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4 Things to Fine-Tune Your Immune System

What multiplies as fast as a flu virus? Claims about immune boosters, most of which just boost a few bucks from your wallet. Here are the ones worth trying out.

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Go Nuts for Vitamin E

Go Nuts for Vitamin E

Immune cells can’t function without proper nutrition, says Simin Meydani, PhD, director of the USDA Human Nutrition Research Center  at Tufts University. 

“In an outbreak, a deficiency of nutrients can be as dangerous as not washing your hands,” she says. But many people don’t get enough vitamin E, a proven immune enhancer, says Patricia Sheridan, PhD, at the University of North Carolina at Chapel Hill. 

You need at least 15 mg of vitamin E daily, she says, which you can get in a generous handful of almonds (7 mg of vitamin E per ounce). The elderly and people with weakened immune systems may need a supplement of 200 mg of vitamin E, Meydani believes.

In her study of nursing home residents, supplementing with that amount cut the risk of colds and flu by about 20 percent. Don’t take more, though: One highly publicized study suggested that high doses (400 mg per day or more) could increase the risk of death.

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Don't Stint on Selenium

Don’t Stint on Selenium

This trace mineral helps build immune system enzymes. Most people in North America aren’t deficient but could use a little extra to sharpen their immune systems, Sheridan says. She recommends about 55 micrograms, which you can get in a tuna sandwich.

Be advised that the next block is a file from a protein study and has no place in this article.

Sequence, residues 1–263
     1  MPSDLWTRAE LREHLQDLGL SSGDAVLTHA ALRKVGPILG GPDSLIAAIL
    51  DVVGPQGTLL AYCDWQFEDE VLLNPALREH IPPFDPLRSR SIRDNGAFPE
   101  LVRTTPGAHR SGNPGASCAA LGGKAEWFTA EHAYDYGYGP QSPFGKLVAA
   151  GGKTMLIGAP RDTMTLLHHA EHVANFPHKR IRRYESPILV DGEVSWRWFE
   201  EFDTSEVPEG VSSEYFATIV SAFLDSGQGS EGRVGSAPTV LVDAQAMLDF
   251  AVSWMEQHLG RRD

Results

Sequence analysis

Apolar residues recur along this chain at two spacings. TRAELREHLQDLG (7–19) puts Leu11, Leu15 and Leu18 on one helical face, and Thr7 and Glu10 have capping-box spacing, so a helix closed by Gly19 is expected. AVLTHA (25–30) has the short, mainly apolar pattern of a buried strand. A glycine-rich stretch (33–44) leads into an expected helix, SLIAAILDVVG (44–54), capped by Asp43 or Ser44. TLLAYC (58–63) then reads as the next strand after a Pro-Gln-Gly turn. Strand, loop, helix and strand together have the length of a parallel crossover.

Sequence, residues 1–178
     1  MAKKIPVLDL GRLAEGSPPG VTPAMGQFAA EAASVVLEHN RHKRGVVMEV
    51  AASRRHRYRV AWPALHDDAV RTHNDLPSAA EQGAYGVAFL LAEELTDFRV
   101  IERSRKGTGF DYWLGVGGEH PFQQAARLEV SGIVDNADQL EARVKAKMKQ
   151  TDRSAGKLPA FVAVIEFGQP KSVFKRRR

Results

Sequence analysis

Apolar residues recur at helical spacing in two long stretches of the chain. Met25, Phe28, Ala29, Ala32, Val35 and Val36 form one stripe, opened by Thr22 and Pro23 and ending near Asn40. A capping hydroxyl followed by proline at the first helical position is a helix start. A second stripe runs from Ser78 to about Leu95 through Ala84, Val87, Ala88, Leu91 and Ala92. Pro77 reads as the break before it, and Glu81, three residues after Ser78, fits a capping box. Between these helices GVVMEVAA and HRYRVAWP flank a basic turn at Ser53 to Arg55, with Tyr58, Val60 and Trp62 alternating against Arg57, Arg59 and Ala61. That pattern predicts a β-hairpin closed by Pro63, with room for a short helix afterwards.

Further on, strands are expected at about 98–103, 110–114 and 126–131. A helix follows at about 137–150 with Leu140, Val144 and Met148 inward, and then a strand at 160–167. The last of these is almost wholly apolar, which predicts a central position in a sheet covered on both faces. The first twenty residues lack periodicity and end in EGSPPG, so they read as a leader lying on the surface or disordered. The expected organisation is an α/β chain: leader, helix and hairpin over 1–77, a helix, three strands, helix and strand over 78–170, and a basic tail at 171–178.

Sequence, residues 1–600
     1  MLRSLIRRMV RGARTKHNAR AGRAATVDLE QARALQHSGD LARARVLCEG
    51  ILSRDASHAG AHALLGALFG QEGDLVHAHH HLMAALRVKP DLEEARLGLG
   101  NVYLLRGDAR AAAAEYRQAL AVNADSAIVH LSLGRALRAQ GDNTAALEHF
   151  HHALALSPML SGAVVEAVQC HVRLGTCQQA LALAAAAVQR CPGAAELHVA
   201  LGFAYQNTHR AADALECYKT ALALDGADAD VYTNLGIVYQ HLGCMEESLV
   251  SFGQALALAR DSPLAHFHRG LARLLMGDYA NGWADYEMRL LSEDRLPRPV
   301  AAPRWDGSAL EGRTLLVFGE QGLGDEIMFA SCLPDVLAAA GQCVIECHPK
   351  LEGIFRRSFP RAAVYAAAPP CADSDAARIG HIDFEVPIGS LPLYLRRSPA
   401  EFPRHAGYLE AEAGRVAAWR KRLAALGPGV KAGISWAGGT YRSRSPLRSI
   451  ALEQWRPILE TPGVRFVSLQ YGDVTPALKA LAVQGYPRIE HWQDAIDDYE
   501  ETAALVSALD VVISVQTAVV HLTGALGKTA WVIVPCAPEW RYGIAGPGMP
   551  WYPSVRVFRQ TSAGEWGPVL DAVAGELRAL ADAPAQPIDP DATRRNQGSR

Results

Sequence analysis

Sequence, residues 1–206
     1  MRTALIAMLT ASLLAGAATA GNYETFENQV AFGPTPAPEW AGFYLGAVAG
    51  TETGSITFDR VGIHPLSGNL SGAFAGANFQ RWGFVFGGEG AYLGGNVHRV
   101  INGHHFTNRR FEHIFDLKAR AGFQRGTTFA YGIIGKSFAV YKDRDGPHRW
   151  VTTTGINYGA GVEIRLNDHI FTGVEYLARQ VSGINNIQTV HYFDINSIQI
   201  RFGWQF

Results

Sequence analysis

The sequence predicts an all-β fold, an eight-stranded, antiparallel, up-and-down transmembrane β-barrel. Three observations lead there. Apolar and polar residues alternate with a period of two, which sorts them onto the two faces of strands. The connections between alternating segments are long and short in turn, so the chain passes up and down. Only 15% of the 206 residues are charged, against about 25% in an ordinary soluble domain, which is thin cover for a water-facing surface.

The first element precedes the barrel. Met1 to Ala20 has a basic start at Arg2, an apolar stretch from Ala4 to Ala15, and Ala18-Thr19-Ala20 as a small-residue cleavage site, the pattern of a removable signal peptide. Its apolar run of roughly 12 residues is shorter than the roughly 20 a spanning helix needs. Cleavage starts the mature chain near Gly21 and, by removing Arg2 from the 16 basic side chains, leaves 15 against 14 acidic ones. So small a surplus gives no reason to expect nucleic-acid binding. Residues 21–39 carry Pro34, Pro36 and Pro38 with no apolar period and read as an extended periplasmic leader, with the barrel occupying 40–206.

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Pop the Sunshine Vitamin

Pop the Sunshine Vitamin

Vitamin D is needed to produce certain germ-killing proteins (a recent study suggests that low levels raise the risk of respiratory infection by more than 35 percent). Many people fall short, says Michael Holick, MD, professor of medicine at Boston University. You can’t get much vitamin D from food, so Holick recommends that adults supplement with 1,000 IU a day.

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Work out in Moderation

Work out in Moderation

Even a little exercise can wake up the immune system, says Thomas Lowder, PhD, at the University of Houston. (Exercise that wrecks you for days can actually make you more vulnerable, though.) In a 2006 study, women either exercised moderately five times a week or stretched once a week. By study’s end, the exercisers were only one third as likely as the stretchers to be sniffling and sneezing.